The purpose of this quantitative, direct practice improvement project was to increase adults’ intent to wear a snowsport safety helmet even with known limitations after participating in a focused educational intervention. The problem was, while the literature indicates snowsport safety helmets provide protection and should be recommended for adult winter alpine sport participants, it is not known if targeted education would make a positive influence increasing the incidence of helmet wear. The health belief model and theory of planned behavior provided the theoretical framework for the educational intervention of video and brochure about snowsport safety helmet use. The goal was to motivate a positive change among adults toward improved decision-making about wearing a helmet based on their increased awareness and perceptions of susceptibility, benefits, and self-efficacy. The project design was quasi-experimental to measure the intervention effectiveness using inferential analysis on data responses from a pre- and post-survey questionnaire. The project was conducted at a rural hospital facility in southwest Colorado over a two-week period. Thirty-four volunteer adults participated as a convenience sample with 30 (88.2%) locals and four (11.8%) tourists. Eight (26.7%) local adults and two (50%) of the four tourists reported no helmet use. The targeted education impacted the ten non- helmet wearers ([p = .016] 95% CI [-0.05, 0.65] for a change noted between the pre- and post-video responses. Based on the findings, the implications are targeted education may be an effective resource that providers can access and customize to their practice for improved patient health by reinforcing safety helmet use during winter sport.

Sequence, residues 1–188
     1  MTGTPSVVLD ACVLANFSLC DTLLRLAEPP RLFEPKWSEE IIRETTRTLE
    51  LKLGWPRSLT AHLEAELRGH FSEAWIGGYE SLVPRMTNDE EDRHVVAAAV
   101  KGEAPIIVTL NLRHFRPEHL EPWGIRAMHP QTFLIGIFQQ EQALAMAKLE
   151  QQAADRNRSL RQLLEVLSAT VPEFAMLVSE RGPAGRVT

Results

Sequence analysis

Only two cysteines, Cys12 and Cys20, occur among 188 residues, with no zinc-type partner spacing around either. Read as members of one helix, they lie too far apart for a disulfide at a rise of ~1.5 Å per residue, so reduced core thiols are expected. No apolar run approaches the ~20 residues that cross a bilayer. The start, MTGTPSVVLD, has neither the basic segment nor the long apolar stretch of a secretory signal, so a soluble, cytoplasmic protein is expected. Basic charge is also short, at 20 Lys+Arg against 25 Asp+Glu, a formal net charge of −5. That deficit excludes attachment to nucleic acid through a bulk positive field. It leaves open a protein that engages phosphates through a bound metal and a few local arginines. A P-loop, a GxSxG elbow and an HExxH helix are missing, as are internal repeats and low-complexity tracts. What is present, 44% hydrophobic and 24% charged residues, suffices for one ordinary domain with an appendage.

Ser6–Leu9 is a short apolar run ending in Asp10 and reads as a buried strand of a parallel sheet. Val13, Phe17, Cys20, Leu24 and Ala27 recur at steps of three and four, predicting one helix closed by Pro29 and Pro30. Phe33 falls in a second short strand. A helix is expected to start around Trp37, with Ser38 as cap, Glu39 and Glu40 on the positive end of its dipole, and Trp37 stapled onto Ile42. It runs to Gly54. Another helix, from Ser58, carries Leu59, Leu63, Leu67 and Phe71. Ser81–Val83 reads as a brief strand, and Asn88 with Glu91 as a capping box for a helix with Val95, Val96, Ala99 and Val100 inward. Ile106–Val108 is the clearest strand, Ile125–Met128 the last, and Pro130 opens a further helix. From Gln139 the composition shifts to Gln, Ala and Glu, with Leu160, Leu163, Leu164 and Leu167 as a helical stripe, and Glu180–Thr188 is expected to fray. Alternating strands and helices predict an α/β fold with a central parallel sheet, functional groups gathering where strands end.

Keywords: Concussion, skiing, snowboarding, safety helmet, traumatic brain injury
Some files may require a special program or browser plug-in. More Information
|Advisor:||Williams, Kristy H.|
|School:||Grand Canyon University|
|Department:||College of Doctoral Studies|
|School Location:||United States -- Arizona|
|Source:||DAI-B 81/9(E), Dissertation Abstracts International|
|Subjects:||Public Health Education, Neurosciences, Kinesiology|
|Keywords:||Concussion, Safety helmet, Skiing, Snowboarding, Traumatic brain injury|
Copyright in each Dissertation and Thesis is retained by the author. All Rights Reserved
The supplemental file or files you are about to download were provided to ProQuest by the author as part of a
dissertation or thesis. The supplemental files are provided "AS IS" without warranty. ProQuest is not responsible for the
content, format or impact on the supplemental file(s) on our system. in some cases, the file type may be unknown or
may be a .exe file. We recommend caution as you open such files.
Copyright of the original materials contained in the supplemental file is retained by the author and your access to the
supplemental files is subject to the ProQuest Terms and Conditions of use.
Depending on the size of the file(s) you are downloading, the system may take some time to download them. Please be